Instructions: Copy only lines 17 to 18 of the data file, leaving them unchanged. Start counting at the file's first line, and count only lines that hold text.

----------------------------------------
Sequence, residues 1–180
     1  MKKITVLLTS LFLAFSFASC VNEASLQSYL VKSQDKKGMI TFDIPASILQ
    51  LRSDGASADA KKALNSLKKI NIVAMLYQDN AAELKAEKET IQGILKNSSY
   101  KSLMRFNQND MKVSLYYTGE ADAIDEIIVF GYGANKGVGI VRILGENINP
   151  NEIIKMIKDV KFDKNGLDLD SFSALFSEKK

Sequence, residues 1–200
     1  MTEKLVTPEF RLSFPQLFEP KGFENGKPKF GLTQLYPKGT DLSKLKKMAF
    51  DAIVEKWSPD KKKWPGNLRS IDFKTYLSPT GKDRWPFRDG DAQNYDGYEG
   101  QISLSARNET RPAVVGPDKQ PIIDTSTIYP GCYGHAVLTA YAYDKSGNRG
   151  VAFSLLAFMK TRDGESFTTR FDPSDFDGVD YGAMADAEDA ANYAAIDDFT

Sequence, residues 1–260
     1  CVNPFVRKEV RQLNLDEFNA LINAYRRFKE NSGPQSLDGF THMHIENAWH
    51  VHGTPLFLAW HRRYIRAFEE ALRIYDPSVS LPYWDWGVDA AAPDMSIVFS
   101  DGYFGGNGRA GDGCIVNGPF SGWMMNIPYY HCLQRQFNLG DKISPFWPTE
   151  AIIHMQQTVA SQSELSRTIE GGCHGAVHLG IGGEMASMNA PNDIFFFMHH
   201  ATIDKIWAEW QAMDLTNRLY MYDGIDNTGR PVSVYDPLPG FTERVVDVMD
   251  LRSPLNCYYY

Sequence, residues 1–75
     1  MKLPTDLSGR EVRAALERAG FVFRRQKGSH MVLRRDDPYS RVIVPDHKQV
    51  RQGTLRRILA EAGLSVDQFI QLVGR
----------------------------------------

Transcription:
   251  LRSPLNCYYY

Sequence, residues 1–75